Ahh, this subject is near and dear to our hearts. To make a long story short, working with people is all about setting expectations. This is as true for freelancers as it is for employees. It applies equally to the team and to the customers.

Start with accountable people.

Starting when we interview prospective team members, one of our most challenging and primary objectives is to assess whether this person will be accountable. Usually our ideal team member is someone who has a few years of experience with full-time freelancing, really enjoys the life that it affords, and has a track record of clear communication. In fact, our first test is often simply showing up to the first meeting. I’ll say, “Call me next Tuesday at three p.m. Pacific.” If the interviewee is late or forgot about the meeting and failed to let me know ahead of time, then they are instantly disqualified. So far every single person who we’ve taken on who actually started late or missed the first call without notifying us, ended up failing us on a project. It’s a pretty solid test.

Explicitly map availability.

Once a project is lined up, we poll the team that we’re hoping to put on the project to confirm availability. Our goal is to avoid any unexpected delays. If it looks like a key team member is going to be absent for part of the project, we either get someone else scheduled or we work with the customer to reset expectations.

Promote mentorship.

We pair new team members with experienced team members so that we can propagate culture. This is actually a fairly recent endeavor and we’re still learning how best to apply it. But so far, it’s been very helpful in terms of both ensuring that new team members get up to speed faster and that experienced members get the fulfillment of being mentors.

Make it personal.

As Reid often points out, start every conversation with a personal question. “Hey Daniel! How was your daughter’s birthday this weekend?” It’s true that I have some business to get through. And we have a limited amount of time. But this is a lifestyle business and I care about our relationship more than the task at hand.

Along these same lines, we started to have a problem where all our project-based chats were getting congested with personal chatter. Daniel Dvorkin suggested that we start a watercooler chat. We did it as a temporary fix and it quickly became a core channel of communication within our company. It’s now a regular place to go hang out during working hours, paste links about unicorns and cats and ask questions about code, design, and how to fix a motorcycle. It’s our hub of personal communication.

Document agreements.

Whereas hitherto “we,” a term defined in paragraph 34, section “q,” may be applied to, but is not explicitly required to be applied, therefore we resolve to define “we” as meaning “I” any time except when following section “c.”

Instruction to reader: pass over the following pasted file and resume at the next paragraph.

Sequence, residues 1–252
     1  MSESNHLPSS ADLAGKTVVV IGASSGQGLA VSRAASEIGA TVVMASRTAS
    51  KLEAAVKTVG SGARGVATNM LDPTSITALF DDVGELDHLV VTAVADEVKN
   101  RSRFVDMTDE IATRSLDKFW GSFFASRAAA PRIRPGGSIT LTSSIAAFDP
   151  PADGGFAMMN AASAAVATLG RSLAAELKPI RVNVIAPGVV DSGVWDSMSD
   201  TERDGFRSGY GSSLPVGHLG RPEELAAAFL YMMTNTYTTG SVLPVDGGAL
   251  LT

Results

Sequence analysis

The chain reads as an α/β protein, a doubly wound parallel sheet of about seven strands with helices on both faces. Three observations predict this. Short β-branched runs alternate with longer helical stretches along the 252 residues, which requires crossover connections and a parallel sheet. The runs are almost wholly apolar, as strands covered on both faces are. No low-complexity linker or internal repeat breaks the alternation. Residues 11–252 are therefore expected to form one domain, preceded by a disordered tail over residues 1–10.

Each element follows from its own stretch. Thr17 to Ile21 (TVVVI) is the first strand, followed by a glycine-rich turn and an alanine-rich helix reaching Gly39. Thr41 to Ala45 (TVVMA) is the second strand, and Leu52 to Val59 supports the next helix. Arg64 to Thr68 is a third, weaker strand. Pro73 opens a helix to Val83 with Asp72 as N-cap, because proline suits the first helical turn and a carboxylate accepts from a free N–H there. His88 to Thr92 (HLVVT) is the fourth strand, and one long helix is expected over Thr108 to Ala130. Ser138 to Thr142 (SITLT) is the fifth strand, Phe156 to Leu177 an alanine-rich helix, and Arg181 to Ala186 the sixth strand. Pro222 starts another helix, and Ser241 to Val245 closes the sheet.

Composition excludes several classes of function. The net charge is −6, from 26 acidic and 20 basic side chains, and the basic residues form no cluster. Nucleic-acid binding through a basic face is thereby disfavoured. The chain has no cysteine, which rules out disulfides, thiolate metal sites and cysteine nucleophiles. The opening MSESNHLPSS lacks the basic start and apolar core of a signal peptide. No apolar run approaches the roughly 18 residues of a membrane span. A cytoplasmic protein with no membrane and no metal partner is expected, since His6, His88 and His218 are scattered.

We write contracts for humans. We do this both for our customers and our contractors. Paper is not important. Documenting understandings is important. In fact, there was a point at which eBay’s legal team looked over our contractor agreement and requested a meeting with our “legal team” to investigate the viability of replacing their own contract with ours. When Shane and I showed up with our lawyer and they learned that Shane and I had actually written it ourselves (though our lawyers did review it), they decided to stick with their legal jargon. In my perfect world, lawyers would be trained to write using the simplest words and phrases possible so that a fifth grader could read and understand a terms of use contract. To a large extent, I feel similarly about WordPress code. ;)

In addition to being a developer and a manager, you’re also a musician. How does the creative impulse feed and fuel you?

I’m not sure that I can say that music fuels my professional life. But what I can say is that life is about more than code. It’s about more than meeting challenges. Life is an ephemeral opportunity to experience adventures and collect stories.

The truth is that success in any endeavor amounts to time and care. Many of the most prominent members of the WordPress community have built their reputations and contributions on a foundation of raw enthusiasm using “spare” time.

I spent a lot more time playing music before I learned WordPress. I also earned a lot less money before I learned WordPress. At this point, my fuel is comprised primarily of conscious balance between work, play, health, and family. Too little of any of these and I get a little crazy.

All that said, I do love to make music. It’s one of my greatest passions. If you want to hear more, check out http://deepfried.info.